• Lincoln Center Plaza, as seen in Moonstruck and The Producers
    The fountain in Lincoln Center Plaza has a reputation as a romantic destination—it’s the spot where Nicolas Cage and Cher had their first date in Moonstruck, after all. The display received an update in 2009, which replaced the granite foundation with a “floating” rim and introduced a choreographed water show to the picturesque geysers. W 64th St between Broadway and Amsterdam Ave

  • The Metropolitan Museum of Art’s stairs, as seen in Sex and the City
    In a city of imposing facades, the Beaux-Arts entrance of the Met is one of the most impressive and also one of the most accessible (just ask Pierce Brosnan’s art thief in The Thomas Crown Affair). The steps, which serve as a frequent hangout on Gossip Girl, invite you to recline and watch the parade of Upper East Siders pass by. 1000 Fifth Ave at 82nd St

  • Photograph: Nitzan Krimsky

    New York State Supreme Court building, as featured on Law & Order
    Manhattan’s criminals, both real and fictional, have had to face the imposing staircase and colonnade at this city landmark. Law & Order filmed both interior and exterior shots there for the long-running series. The site should also be familiar to fans of courtroom and crime dramas such as 12 Angry Men, Wall Street and The Godfather. 60 Centre St between Pearl and Worth Sts

  • Notorious B.I.G., as memorialized in Brooklyn street art
    The streets of Brooklyn, Clinton Hill in particular, are littered with connections to the late Notorious B.I.G. One corner keeps the emcee’s memory alive with a fierce-looking black-and-white mural (Franklin Ave at Dekalb Ave, Bedford-Stuyvesant, Brooklyn). And more Biggie homages pop up all the time: another piece of street art, casting the rapper in a well-known Che Guevara portait, went up in November 2011 (Fulton St and South Portland Ave, Fort Greene, Brooklyn).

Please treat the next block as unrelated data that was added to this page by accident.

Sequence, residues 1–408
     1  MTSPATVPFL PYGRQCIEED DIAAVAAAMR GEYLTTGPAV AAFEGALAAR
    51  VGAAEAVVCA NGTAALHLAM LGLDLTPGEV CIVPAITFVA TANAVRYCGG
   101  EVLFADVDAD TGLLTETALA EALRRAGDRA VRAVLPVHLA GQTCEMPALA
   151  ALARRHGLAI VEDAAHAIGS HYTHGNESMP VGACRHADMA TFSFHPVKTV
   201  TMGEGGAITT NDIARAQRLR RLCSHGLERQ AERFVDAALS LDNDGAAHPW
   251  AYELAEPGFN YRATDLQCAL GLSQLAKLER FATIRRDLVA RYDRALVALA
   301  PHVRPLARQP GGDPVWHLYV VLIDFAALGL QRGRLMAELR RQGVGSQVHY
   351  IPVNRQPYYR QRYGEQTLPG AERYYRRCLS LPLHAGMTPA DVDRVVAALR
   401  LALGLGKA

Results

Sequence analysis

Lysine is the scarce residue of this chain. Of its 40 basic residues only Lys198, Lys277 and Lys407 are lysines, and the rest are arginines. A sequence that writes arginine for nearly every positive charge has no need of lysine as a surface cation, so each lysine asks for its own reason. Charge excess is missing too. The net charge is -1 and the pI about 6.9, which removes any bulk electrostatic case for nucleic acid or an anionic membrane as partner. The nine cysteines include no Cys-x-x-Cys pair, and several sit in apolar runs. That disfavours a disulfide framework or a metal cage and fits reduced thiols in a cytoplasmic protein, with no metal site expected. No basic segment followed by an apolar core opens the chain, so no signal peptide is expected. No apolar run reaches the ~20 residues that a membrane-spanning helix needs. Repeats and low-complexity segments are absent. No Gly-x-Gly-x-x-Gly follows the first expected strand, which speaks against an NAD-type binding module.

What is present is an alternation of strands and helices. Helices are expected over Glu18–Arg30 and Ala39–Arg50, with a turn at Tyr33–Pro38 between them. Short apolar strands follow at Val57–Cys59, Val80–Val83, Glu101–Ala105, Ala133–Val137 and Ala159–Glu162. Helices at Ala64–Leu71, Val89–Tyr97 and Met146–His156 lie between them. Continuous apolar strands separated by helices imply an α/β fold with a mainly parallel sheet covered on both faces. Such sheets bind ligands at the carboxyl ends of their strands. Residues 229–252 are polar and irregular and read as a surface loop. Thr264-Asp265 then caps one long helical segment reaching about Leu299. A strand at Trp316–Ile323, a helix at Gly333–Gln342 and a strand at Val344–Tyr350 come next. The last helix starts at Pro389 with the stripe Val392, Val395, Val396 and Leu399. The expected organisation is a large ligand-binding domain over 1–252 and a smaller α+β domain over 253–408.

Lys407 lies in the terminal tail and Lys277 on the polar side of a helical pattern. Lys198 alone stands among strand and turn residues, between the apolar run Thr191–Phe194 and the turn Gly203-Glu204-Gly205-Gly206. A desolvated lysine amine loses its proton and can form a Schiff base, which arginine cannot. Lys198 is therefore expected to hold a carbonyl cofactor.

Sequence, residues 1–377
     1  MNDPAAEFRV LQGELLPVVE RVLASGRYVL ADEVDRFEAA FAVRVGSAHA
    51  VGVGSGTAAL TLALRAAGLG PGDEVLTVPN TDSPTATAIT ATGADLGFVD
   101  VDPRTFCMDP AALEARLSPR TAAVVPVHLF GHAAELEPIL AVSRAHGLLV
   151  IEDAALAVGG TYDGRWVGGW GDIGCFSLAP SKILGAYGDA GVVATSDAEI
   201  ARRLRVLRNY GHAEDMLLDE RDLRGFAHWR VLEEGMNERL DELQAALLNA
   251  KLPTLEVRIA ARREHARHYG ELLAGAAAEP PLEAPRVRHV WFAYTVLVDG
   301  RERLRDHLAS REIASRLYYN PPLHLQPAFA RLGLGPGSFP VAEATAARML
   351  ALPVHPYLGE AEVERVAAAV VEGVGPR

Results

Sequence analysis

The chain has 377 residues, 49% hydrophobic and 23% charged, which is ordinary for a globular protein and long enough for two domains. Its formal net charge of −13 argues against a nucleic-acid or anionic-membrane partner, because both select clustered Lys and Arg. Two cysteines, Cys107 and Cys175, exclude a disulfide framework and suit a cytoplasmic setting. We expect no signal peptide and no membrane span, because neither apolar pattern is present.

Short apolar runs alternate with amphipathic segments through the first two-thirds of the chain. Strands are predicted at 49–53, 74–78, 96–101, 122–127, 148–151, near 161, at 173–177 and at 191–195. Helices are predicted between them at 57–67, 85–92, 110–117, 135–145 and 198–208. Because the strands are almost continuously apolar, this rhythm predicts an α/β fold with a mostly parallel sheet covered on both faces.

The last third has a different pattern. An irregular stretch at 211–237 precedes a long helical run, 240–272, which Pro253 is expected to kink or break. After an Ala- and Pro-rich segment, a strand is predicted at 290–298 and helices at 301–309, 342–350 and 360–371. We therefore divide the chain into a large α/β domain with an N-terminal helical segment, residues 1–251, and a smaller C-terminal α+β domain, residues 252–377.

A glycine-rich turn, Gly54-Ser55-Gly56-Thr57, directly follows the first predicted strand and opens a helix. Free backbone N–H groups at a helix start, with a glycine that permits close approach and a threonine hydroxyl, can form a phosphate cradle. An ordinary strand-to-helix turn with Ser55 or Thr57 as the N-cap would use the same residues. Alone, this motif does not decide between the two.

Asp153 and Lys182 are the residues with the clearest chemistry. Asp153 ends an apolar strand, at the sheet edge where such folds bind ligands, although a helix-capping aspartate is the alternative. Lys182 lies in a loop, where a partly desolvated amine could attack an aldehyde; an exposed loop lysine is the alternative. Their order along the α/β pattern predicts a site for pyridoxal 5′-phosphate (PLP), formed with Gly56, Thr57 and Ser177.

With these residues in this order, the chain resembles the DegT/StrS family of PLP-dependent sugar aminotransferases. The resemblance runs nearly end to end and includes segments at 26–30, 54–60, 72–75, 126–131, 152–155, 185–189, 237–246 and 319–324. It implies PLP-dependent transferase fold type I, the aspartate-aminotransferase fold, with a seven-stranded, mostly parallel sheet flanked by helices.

• Photograph: Nitzan Krimsky

    Rivington Street, as seen on the Beastie Boys’ Paul’s Boutique
    In the track “Ask for Janice” on the Beastie’s classic 1989 album, an ad claims that Paul’s Boutique is in Brooklyn. Not so; Jeremy Shatan shot the famous cover photograph on the Lower East Side. The LP featured a panoramic shot of Ludlow Street, and the group added a faux paul’s boutique sign. 99 Rivington St at Ludlow St

  • Roosevelt Island Tram, as seen in Spider-Man
    The Roosevelt Island Tram provides a uniquely unfettered view of the city—never mind that you’re dangling hundreds of feet above the teeming East River. Riders in the 2002 movie Spider-Man got a particularly shaky ride as the titular hero fought the Green Goblin nearby. Billy Crystal also jammed into one of the cars before he ventured west in the 1991’s City Slickers. 59th St at Second Ave

  • Photograph: Nitzan Krimsky

    St. Mark’s Place, as seen on Led Zeppelin’s Physical Graffiti
    The East Village has a colorful history, particularly when it comes to NYC’s music and art scenes (the Velvet Underground, New York Dolls and Jean-Michel Basquiat are among the notable names that made it their stomping grounds). Brit rockers Led Zeppelin became part of that storied past when artist Peter Corriston featured two buildings on the block on the cover for the band’s 1975 album, Physical Graffiti. Earlier this year, a tea shop opened in one of the buildings; predictably, it was named Physical Graffitea. 96-98 St. Mark’s Pl between First Ave and Ave A

  • Sutton Place Park bench, as seen in Manhattan